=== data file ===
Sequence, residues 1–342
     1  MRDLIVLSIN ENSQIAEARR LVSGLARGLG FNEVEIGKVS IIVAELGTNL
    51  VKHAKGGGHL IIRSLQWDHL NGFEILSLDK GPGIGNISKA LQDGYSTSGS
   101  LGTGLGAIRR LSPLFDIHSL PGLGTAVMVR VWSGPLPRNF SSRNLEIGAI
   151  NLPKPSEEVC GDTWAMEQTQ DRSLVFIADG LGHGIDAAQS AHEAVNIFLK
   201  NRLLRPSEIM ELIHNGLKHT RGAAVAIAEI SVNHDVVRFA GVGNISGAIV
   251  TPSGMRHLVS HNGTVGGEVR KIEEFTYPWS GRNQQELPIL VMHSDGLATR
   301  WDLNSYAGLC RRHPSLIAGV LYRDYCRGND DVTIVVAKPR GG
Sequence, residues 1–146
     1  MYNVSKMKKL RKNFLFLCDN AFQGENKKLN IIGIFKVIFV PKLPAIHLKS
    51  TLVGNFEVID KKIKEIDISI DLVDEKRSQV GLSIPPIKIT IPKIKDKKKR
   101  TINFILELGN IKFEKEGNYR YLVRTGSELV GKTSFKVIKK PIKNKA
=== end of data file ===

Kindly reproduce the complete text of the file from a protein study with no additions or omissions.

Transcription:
Sequence, residues 1–342
     1  MRDLIVLSIN ENSQIAEARR LVSGLARGLG FNEVEIGKVS IIVAELGTNL
    51  VKHAKGGGHL IIRSLQWDHL NGFEILSLDK GPGIGNISKA LQDGYSTSGS
   101  LGTGLGAIRR LSPLFDIHSL PGLGTAVMVR VWSGPLPRNF SSRNLEIGAI
   151  NLPKPSEEVC GDTWAMEQTQ DRSLVFIADG LGHGIDAAQS AHEAVNIFLK
   201  NRLLRPSEIM ELIHNGLKHT RGAAVAIAEI SVNHDVVRFA GVGNISGAIV
   251  TPSGMRHLVS HNGTVGGEVR KIEEFTYPWS GRNQQELPIL VMHSDGLATR
   301  WDLNSYAGLC RRHPSLIAGV LYRDYCRGND DVTIVVAKPR GG
Sequence, residues 1–146
     1  MYNVSKMKKL RKNFLFLCDN AFQGENKKLN IIGIFKVIFV PKLPAIHLKS
    51  TLVGNFEVID KKIKEIDISI DLVDEKRSQV GLSIPPIKIT IPKIKDKKKR
   101  TINFILELGN IKFEKEGNYR YLVRTGSELV GKTSFKVIKK PIKNKA